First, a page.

Bujold herself has commented that her posited system is neither technologically nor economically feasible, but is rather a convenience for storytelling. 
Bujold’s father and brother were engineers, and many of the technological details she incorporates are based on 20th-century engineering situations, projected into null-g or alternative solar system situations (this is especially true of Falling Free, the most technologically dense of the novels). Some inventions, such as the uterine replicator, have an important thematic role. Many of her devices, however, simply give a futuristic gloss to the daily life of the distant future, as she shows characters performing ordinary tasks with unexpected tools (e.g. sonic laundry or toilets).
Bujold presents issues of technological obsolescence and the high rate of failure of R&D projects in personal terms, via bioengineering. Two jump pilots with obsolete navigational brain implants and a number of characters (the quaddies, Betan hermaphrodites, Taura, Guppy, even to some extent the clones rescued in Mirror Dance) are psychologically stranded by the termination of the program for which they were designed.
Space stations in the past (up to 200 years before the action of Shards of Honor) were null-g or used centrifugal force to generate partial gravity, but now they use artificial gravity. Falling Free and Diplomatic Immunity explore the relationship between a null-g culture and one which depends on gravity.
Even small spaceships employ artificial gravity to shield their passengers from the effects of high acceleration, allowing them to cross a solar system in a matter of hours or days. The novels present a wide variety of ships, both military and commercial and even personal “yachts.”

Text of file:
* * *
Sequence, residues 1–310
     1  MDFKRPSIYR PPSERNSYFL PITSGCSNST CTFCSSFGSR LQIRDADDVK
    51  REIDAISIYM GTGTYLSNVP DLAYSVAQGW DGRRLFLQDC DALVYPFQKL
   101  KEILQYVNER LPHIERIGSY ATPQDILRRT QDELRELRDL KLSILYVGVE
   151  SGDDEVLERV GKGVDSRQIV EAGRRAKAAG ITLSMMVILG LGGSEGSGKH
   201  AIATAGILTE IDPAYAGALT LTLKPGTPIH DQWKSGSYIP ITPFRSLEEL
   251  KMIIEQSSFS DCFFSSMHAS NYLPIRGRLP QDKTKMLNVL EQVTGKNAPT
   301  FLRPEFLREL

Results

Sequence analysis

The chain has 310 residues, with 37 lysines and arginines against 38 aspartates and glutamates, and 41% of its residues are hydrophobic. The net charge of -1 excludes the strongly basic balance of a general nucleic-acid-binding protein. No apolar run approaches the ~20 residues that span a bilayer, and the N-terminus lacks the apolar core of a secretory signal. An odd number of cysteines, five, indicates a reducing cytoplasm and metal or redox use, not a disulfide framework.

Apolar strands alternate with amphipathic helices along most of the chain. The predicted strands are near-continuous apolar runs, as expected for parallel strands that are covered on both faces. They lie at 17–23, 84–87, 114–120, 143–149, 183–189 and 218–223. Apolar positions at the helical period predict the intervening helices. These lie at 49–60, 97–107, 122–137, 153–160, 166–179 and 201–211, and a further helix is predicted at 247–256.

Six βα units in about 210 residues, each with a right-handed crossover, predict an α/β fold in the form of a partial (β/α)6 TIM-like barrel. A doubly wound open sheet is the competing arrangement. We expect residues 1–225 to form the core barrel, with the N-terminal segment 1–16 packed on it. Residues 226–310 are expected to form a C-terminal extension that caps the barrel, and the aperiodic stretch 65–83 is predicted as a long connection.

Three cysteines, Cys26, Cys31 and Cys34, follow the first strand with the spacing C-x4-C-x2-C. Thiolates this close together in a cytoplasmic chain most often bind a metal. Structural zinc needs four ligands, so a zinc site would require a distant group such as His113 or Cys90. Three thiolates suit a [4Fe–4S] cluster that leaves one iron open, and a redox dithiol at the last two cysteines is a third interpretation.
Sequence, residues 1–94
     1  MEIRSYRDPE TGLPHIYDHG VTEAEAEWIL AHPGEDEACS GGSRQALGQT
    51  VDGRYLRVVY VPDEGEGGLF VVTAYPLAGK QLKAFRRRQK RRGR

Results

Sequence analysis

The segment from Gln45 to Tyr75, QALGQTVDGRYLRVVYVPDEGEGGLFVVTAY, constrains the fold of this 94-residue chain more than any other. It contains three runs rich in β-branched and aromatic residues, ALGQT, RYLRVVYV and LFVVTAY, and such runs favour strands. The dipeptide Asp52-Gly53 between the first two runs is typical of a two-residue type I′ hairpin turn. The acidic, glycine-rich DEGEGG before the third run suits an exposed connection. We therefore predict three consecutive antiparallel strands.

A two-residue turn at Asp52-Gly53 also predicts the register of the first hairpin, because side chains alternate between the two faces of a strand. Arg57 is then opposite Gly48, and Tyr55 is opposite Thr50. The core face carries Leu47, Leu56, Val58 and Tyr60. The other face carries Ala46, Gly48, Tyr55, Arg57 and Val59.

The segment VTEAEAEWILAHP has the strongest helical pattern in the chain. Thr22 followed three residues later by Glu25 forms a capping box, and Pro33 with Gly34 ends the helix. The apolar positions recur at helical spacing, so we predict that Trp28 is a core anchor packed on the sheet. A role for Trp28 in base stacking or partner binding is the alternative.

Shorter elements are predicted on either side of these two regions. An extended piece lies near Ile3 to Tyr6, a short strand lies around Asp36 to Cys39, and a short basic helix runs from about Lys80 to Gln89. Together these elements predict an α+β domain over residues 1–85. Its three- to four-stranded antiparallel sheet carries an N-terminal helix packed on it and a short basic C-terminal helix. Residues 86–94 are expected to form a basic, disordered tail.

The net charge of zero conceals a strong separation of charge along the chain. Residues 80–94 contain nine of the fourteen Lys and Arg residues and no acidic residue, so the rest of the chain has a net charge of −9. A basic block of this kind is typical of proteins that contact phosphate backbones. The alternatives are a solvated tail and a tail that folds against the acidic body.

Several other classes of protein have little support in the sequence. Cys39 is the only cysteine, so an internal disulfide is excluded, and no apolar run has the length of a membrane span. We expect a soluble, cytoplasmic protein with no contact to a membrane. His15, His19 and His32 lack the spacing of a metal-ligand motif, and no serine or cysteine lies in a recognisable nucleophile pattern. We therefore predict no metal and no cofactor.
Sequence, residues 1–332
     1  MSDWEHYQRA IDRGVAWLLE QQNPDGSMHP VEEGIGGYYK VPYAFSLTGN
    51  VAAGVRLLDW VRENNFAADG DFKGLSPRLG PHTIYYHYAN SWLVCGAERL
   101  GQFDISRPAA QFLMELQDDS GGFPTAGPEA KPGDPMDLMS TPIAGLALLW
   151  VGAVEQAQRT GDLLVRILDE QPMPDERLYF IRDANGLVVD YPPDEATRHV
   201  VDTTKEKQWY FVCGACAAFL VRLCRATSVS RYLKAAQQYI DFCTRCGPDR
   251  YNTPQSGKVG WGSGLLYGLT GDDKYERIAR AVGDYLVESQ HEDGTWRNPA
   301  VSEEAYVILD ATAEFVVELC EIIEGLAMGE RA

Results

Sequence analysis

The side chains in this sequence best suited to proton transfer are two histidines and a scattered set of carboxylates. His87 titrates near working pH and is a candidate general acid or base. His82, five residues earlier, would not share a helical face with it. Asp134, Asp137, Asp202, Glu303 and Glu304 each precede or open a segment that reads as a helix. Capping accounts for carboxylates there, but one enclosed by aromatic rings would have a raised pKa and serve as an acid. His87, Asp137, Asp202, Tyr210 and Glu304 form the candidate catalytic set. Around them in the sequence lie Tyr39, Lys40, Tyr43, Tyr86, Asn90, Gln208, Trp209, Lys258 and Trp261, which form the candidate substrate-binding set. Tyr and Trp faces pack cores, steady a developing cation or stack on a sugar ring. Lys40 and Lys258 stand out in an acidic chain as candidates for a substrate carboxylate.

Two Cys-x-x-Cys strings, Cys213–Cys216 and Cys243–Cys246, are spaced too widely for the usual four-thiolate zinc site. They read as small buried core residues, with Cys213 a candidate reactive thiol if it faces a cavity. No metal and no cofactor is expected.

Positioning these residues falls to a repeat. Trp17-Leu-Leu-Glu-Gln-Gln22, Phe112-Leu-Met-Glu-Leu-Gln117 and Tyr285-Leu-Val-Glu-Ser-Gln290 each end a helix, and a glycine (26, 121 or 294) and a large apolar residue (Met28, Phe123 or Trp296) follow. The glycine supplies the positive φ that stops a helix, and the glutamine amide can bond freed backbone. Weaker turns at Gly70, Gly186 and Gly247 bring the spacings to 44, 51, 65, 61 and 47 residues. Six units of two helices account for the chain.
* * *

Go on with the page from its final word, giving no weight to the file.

Vehicles for personal travel on planets with an Earthlike gravity and atmosphere include “lightflyers” and “aircars” for long distances, and “groundcars,” which have no wheels but ride on an antigravity cushion. Groundcars range from sporty models to armored limos. Public transportation systems include urban bubblecars (individual pods which can be programmed to run on designated lines to the desired destination) and monorails for longer distances. Besides vehicles, other anti-gravity devices include “lift tubes,” elevators without floors which gently lift or lower the person inside; mobile float-chairs, which serve as wheelchairs; stable anti-grav beds and chairs; and float-pallets, which serve as hand-trucks, gurneys, etc. depending on the context.
Computing and communications
The society of Miles Vorkosigan’s lifetime is almost paperless. Aside from paper currency and possibly toilet paper, paper is largely metaphorical (“white as paper,” “publish a paper”). Books printed on paper are by definition antiques. There are however references in “Labyrinth” to a bookfax and a newsfax. Actual paper is expensive and used only for the most important documents, including love letters. “Plastic flimsy” sheets are used for note-taking and computer printouts.
Two-dimensional video has been replaced, apparently completely, by “holovids” in three dimensions. Live holovids have replaced phone calls, and pre-recorded holovids have replaced letters. Interactive holovids include maps and photo albums (portable on a holocube) and computer-generated scenarios such as battle projections. In Shards of Honor, Cordelia borrows a holovid reporter’s camera, but in most of the books a computer/holovid screen seems to have a built-in camera which can record an image or video.
The alternative to video communication seems to be wireless audio via comm link. Portable comm links are used primarily by the military, police, or other security personnel, and are tuned to certain channels. Thus they are more like a two-way radio than like a telephone.
Any communication to another system in the galaxy has to be recorded on a physical disc which is transported through the wormhole.